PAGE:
Saturday, February 04, 2017

Chinese New Year as Life Audit.


Today is the 7th day of Chinese New Year and I would to talk about family visits between relatives.

Exchanging notes with my younger classmates, the culture of probing relatives who ask about school performance and marital status is currently alive and well in Chinese New Year and it has created a considerable amount of angst amongst Singaporean Chinese, particularly unmarried women. The psychic damage from the pressure to find a boyfriend has created a new market for paid actors to play the role of a boyfriend.

The views about this aspect of Chinese New Year also varies amongst some of my classmates. My classmates, especially those who perform rather well academically, argue persuasively that this culture is the reason why Singapore is world-class, the system elevates the successful and shames the people who do not conform to what a Chinese family would consider a success.  My classmates who came from foreign universities think that people should simply ignore the custom completely and just get on with their lives.

I believe that there is a balanced approach towards Chinese New Year.

Therefore, I am suggesting that people simply treat Chinese New Year as a Life Audit.

It might be useful to simply reframe the nosy relatives who come into your home are basically auditors that you willingly invite to probe for areas of improvement in your lives.

For a start, you might not do that well in an audit when you are younger, prior to entering a top-5 JC, I was just an ordinary student in a government school. Well-meaning uncles will enquire about my schoolwork and even criticise some of my career choices and aspirations.

After I turned my life around in University, questions on academics stopped and was replaced with questions on my dating status. The questions then moved from marriage to children and subsequently, and rather unreasonably, to male children.

Appearing in the Straits Times was a great way of getting the auditors off my back for a year or two. But there was a gap between me quitting my job and living on my investments and getting accepted into law school, then sensing an weakness, the auditors wanted to enquire more on whether I can cope with the fast paced tech industry.  Entering law school at 40 invited more curiosity and I knew that people are not so willing to probe you once you get to this stage.

Overall, this year was a relative good year.

My mum told me that some relatives are making enquiries and showing some concern on the sluggish legal sector. Fortunately, I scored a small internship after close to a three year struggle. I doubt I will "spared" if I had to rejoin the IT sector. And there will be queries on my HbA1c readings which is my only weakness this entire year. Otherwise, it was pretty good when I uploaded a picture of my family with parents, kids and all to a family Whatsapp group and was rewarded with almost complete "radio" silence.

We passed audit !

Of course, as human beings, not everyone will make it in a Life Audit.

Particularly severe outcomes can arise if somebody does not conform to heterosexual norms, gets a divorce, commits adultery, becomes bankrupt, goes to jail or has a child out of wedlock. Less severe audit results can come from a stint in ITE or making less than $3770 a month ( median income in 2014 ).

In anticipation of a nasty audit outcome, a lot of young people just leave the country to avoid probing relatives.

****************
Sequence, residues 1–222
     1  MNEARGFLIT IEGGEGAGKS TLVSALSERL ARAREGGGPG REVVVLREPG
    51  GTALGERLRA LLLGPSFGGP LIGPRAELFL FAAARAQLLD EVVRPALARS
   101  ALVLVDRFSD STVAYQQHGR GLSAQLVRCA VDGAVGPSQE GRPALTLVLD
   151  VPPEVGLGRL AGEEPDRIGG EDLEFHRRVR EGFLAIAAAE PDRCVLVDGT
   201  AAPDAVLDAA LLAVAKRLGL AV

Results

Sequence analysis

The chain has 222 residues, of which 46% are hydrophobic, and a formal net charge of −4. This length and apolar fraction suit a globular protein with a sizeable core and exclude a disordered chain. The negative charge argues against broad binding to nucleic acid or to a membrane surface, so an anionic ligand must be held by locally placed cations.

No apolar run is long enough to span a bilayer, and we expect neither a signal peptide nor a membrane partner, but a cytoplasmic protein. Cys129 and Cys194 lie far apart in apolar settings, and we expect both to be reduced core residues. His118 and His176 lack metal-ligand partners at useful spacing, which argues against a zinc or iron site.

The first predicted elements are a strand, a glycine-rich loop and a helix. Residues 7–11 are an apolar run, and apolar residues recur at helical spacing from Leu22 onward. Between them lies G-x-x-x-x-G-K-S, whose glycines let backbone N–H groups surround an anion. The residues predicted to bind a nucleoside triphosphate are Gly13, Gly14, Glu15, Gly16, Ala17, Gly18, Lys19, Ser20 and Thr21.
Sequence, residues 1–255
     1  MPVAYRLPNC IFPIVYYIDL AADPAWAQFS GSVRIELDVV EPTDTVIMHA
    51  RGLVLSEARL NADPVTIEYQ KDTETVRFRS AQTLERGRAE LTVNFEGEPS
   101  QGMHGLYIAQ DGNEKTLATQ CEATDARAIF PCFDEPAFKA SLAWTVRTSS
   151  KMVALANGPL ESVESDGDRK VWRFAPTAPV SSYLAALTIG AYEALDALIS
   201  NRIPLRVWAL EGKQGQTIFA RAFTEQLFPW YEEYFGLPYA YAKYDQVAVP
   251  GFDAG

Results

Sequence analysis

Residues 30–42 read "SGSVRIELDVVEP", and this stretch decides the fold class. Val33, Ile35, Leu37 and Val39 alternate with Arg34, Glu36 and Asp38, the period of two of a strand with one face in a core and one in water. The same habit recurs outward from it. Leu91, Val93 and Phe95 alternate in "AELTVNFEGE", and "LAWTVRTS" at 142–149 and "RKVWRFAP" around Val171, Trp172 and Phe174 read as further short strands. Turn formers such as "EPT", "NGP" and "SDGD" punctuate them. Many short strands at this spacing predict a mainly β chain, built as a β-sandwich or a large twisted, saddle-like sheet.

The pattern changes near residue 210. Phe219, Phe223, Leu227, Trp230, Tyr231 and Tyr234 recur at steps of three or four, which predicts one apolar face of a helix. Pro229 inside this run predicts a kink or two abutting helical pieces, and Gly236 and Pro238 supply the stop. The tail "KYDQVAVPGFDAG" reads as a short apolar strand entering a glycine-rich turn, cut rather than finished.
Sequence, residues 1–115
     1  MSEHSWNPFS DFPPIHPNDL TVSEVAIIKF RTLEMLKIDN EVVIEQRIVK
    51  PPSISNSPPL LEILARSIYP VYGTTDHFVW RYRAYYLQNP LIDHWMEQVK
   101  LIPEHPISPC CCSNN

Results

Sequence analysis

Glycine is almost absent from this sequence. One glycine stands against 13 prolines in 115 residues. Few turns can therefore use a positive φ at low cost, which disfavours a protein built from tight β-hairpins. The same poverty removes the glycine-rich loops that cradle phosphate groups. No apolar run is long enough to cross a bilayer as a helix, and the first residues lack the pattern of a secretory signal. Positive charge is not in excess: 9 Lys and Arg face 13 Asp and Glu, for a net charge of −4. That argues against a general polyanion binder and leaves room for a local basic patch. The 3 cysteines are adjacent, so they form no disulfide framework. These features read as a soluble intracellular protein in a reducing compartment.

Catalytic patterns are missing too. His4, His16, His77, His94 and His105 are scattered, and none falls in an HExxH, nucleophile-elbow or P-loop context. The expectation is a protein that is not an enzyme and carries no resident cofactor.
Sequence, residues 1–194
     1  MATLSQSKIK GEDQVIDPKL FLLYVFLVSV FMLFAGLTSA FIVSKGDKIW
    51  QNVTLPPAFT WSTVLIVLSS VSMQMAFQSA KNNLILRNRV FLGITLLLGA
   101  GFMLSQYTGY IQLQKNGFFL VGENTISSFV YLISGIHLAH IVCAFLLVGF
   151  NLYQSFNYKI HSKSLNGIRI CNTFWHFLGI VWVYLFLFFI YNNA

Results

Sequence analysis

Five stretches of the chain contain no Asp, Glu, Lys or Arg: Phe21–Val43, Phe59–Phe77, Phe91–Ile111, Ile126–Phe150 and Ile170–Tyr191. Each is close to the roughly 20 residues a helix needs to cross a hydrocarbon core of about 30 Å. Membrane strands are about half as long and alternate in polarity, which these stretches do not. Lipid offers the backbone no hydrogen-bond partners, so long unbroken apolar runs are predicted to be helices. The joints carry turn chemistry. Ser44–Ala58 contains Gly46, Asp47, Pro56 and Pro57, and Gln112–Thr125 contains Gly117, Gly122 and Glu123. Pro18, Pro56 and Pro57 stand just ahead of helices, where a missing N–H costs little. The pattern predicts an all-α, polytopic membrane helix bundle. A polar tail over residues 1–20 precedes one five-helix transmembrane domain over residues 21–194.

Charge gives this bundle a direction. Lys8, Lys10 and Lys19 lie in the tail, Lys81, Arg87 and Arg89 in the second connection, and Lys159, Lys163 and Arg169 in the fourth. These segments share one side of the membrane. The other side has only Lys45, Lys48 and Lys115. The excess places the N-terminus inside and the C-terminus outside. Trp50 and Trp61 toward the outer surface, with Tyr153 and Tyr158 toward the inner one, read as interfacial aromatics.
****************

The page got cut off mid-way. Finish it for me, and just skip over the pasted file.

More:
Reframing the entire exercise as a Life Audit creates a balanced outcome.

For me, if an auditor shows up, I talk and engage them pleasantly, I don't hide. I make sure that there is a paper trail ( a healthy baby boy is particular good in this regard ) and evidence of the successes over the past year.

No one escapes an audit without at least some areas of improvement and they might well be areas you may wish to look into. In some cases where the findings have high severity, you have to decide whether corrective action is even possible.

At the end of the day, there is a fundamental difference between a CNY audit and a compliance audit. IN CNY, life audits are bilateral. 

If an auditor goes to far, do have some probing questions of your own.

You are an auditor too !











6 comments:

Finance Smiths said...

I like this concept of a life audit during CNY that you came up with. That's really what happens during CNY isn't it. My wife and I got asked multiple times by our families (direct and extended) whether we are planning to have kids soon. Haha, I guess it's just a matter of how you handle it because it's always going to happen in this once a year gathering.

Anyway, it does help to think of it as a life audit since it comes up with points and areas in our life for improvement. However, I don't like how our elders are comparing us to our peers (within or outside of the family). It creates unnecessary stress since we should just be focusing on improving on ourselves.

Christopher Ng Wai Chung said...

Greetings !

It is interesting that you mentioned that you often get compared to your peers.

This also happens in the corporate world.

Just treat your relatives as management consultants who come over to your home to conduct a benchmarking exercise !

KPMG = Kay Poh Mother and Grandaunts.

Regards

betta man said...

When was u featured in straits times ? Can post the link ? Thks.

Christopher Ng Wai Chung said...

I also need to google for the artticle.

It has been a long time.

Passive Income Builder said...

http://treeofprosperity.blogspot.com.au/2009/11/me-and-my-money-article-out-today.html

Christopher Ng Wai Chung said...

Thanks man !

I really need to put my past behind me and go onto bigger things !